Feet Per Minute (fpm): A unit of measure to quantify the velocity of air flow.

Floating Control/Action: While definitions vary, floating control is essentially two position control in which the controlled device (i.e., MF-XXXX Actuators) can stop at any point in its stroke at loss of control signal. The controlled device will hold this position until the controller senses another signal to reposition the controlled device.

Flow Coefficient (Cv): The flow of water in gallons per minute (at 6°F) that causes a pressure drop of 1 psi across a fully open valve.


Gallons per Minute (gpm): A unit of measure to quantify water flow.

Gauge Pressure (psig): The amount of pressure above atmospheric pressure, usually measured in pounds per square inch, gauge (psig).

Gear Train Actuator: A controlled device that operates dampers or valves by producing a rotary motion because of an induction motor driving the output shaft through a series of gears. The motor is driven in either direction and can be stopped at any position to obtain proportional control. The electronic actuator drive is necessary to interface the DC signal of the controller and the induction motor.

Heat Pump: A refrigeration machine which is arranged to either heat or cool a building by using heat from the condenser section or by using cooling from the evaporator section.

Hunting: The action of a controller which causes the controlled device to continuously travel from one end of its stroke to the other. Normally associated with proportional control. Hunting is an undesirable condition.

Hydraulic Actuator: A controlled device that operates dampers or valves by producing a linear motion because of the fluid pressure developed from a running motor pumping hydraulic fluid through a transducer. As the control signal increases the fluid pressure increases and as the control signal decreases the fluid pressure decreases allowing the spring to retract the output shaft.

Hydronics: The science dealing with the control of and use of water as a heat transfer medium in air conditioning systems.

Immersion Sensor: A device with an extended element, which can be inserted into a well to sense the temperature in liquid lines and tanks.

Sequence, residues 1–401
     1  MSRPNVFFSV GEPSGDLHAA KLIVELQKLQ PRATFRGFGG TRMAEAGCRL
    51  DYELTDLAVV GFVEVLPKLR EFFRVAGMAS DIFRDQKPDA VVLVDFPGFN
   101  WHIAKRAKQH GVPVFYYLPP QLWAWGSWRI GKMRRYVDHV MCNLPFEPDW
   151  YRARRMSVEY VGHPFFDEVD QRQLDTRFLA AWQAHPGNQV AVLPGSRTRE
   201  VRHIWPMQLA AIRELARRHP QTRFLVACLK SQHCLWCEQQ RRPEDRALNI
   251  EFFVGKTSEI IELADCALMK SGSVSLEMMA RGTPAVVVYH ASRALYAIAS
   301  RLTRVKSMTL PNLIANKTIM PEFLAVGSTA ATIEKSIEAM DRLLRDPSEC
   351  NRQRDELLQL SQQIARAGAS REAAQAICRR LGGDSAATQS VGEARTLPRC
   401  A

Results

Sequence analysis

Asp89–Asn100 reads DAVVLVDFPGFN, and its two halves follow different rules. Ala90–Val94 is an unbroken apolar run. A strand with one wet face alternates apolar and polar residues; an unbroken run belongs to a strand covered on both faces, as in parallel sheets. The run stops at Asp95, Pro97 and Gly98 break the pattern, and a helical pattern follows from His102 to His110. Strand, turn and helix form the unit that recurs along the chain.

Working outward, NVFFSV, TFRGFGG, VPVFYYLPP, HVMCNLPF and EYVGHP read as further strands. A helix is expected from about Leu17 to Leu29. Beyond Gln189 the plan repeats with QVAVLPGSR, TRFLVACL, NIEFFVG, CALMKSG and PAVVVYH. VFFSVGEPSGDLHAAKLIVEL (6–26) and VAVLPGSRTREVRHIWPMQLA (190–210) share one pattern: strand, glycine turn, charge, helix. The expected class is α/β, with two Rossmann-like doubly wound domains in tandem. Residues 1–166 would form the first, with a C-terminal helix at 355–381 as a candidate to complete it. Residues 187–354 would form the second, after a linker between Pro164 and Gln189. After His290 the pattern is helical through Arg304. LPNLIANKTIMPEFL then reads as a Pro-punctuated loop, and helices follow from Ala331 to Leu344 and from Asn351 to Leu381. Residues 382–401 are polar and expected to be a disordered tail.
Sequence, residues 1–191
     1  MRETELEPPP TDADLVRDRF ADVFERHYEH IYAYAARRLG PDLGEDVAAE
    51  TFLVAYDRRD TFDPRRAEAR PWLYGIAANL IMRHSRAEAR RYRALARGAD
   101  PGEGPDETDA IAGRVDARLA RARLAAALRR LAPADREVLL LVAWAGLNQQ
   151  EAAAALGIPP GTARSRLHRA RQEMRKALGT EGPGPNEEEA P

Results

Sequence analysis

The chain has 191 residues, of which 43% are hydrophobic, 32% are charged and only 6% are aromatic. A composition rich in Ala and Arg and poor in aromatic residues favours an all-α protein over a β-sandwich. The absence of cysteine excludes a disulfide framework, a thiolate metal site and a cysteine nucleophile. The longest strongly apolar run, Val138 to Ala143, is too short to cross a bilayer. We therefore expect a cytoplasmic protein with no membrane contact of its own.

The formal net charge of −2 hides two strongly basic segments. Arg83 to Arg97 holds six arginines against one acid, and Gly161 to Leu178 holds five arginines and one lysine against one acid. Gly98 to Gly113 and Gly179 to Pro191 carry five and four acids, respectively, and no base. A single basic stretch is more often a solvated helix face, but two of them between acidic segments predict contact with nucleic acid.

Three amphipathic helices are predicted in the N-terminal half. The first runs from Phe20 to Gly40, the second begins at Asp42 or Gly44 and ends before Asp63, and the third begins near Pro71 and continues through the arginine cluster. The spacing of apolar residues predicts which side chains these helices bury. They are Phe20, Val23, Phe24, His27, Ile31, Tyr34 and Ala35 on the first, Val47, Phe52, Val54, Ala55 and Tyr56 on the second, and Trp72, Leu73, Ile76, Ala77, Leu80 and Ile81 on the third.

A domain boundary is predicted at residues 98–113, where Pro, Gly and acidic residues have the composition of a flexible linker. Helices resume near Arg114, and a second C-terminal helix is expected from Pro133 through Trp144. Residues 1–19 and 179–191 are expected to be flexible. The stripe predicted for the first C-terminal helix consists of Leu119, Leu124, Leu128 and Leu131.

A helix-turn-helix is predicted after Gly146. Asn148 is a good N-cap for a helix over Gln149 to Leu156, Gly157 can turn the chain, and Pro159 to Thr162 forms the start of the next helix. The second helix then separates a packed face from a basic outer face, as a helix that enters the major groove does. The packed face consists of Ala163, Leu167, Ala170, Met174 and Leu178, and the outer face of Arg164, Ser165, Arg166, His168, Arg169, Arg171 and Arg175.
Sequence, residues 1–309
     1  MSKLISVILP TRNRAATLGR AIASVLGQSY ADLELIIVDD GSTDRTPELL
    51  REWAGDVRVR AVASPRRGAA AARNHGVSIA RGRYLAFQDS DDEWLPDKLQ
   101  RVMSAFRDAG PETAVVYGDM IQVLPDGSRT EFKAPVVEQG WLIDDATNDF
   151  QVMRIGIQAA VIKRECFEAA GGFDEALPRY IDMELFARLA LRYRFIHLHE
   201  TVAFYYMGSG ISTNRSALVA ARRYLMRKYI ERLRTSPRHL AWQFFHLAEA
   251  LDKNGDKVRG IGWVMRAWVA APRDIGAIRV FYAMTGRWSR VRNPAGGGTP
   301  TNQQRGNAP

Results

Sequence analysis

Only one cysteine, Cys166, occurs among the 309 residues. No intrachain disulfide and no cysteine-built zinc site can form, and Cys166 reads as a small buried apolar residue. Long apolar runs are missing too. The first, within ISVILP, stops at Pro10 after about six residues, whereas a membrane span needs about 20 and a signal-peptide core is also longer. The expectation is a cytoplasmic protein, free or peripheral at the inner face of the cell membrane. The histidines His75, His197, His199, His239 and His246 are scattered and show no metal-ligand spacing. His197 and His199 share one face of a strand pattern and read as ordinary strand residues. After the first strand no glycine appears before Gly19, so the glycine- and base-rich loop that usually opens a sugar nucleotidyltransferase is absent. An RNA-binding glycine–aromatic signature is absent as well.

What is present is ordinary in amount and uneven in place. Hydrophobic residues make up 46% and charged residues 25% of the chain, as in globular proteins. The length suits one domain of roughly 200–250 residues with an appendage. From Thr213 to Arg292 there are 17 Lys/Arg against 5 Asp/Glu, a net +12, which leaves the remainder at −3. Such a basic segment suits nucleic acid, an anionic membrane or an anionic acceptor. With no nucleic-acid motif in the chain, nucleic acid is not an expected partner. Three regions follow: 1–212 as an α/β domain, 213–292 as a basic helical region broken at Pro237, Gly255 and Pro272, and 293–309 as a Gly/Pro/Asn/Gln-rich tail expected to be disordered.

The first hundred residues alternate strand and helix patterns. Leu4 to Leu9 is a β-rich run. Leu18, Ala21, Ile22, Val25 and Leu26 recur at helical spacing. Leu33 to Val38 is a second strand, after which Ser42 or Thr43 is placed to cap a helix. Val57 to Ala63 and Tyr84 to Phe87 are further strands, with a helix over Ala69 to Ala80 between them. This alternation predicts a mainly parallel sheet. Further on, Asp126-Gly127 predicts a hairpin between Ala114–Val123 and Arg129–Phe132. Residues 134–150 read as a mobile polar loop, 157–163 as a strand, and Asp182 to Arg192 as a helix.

Inches of Water Column (in. w.c.): A unit of pressure measurement used to measure and control low differential pressures. These pressures include duct static pressure relative to space static pressure, space statue pressure relative to that of other spaces or outside atmospheric pressure, and the velocity pressure of air flowing in ducts.

Inlet Vane: An attachment to a centrifugal fan that restricts the flow of air into the fan housing. Also used on centrifugal chillers to restrict refrigerant flow.

Integral Control: A control action designed to reduce offset in proportional control.

Load Shedding: The turning from electrical loads to limit peak electrical demand.

Low Limit: A control/application to prevent a sensed variable from falling below a dangerous or undesirable condition.

Low Temperature Thermostat: A duct thermostat with a capillary-type, vapor-filled sensing element installed across a duct. When any given section of the element (usually one foot) falls below setpoint, the thermostat is actuated, usually to stop the supply fan of an air handling unit and close the outdoor air and relief dampers. Available with manual or automatic reset.

Minimum Position: A control sequence in which the controlled device is prevented from moving to the fully closed position even though the signal from the controller is at a value that would cause the controlled device to be fully closed. However, at a total loss of power or signal from the minimum position, the controlled device will typically go to a failsafe position. i.e. Minimum Position of the outside air damper, for purposes of ventilation, may require that a minimum of X% of outside air be introduced to the building when occupied. However, if there is a loss of power or a low limit that could freeze the coil, the outside dampers will close fully.

Mixing Valve: The three-way valve which has two inlets, one outlet, and can direct full flow from either inlet or proportion the flow from the two inlets.

Night Setback (Heating): An application by which the setpoint is shifted to a lower value during unoccupied hours during the heating season.

Night Setup (Cooling): An application by which the setpoint is shifted to a higher value during unoccupied hours during cooling season.

Normally Closed (N.C.): Applies to the condition of a controlled device which closes when all operating force (control pressure or electric energy) is removed. i.e., power failure.

Normally Open (N.O.): Applies to the condition of a controlled device which is open when all operating force is removed.

Occupied Mode: A control mode used to heat or cool a building when it is occupied.


Offset: The amount of difference between control point and setpoint in a proportional control system.

Packaged Equipment: Off-the-shelf HVAC equipment.

Pneumatic: Controls powered by low-pressure compressed gas.

Pneumatic-Electric Switch (PE): An air pressure operated switch in which the contacts are made or broken to operate electrical devices in a pneumatic control system.

Positive Positioner: Used where accurate positioning of the controlled device is required. Example: Pneumatic positive positioners provide up to full main air to the actuator for any change in position required by the controller. Positive positioners may also be referred to as pilot positioners.

Pressure Independent VAV: A control technique in which the flow of air (usually through a VAV terminal unit) is maintained essentially at the setpoint of a flow controller regardless of variations (reasonably controlled) in supply duct static pressure.

Proportional Control: A mode of control in which the controlled device may assume any position from fully closed to fully open, depending on the load at any given point in time.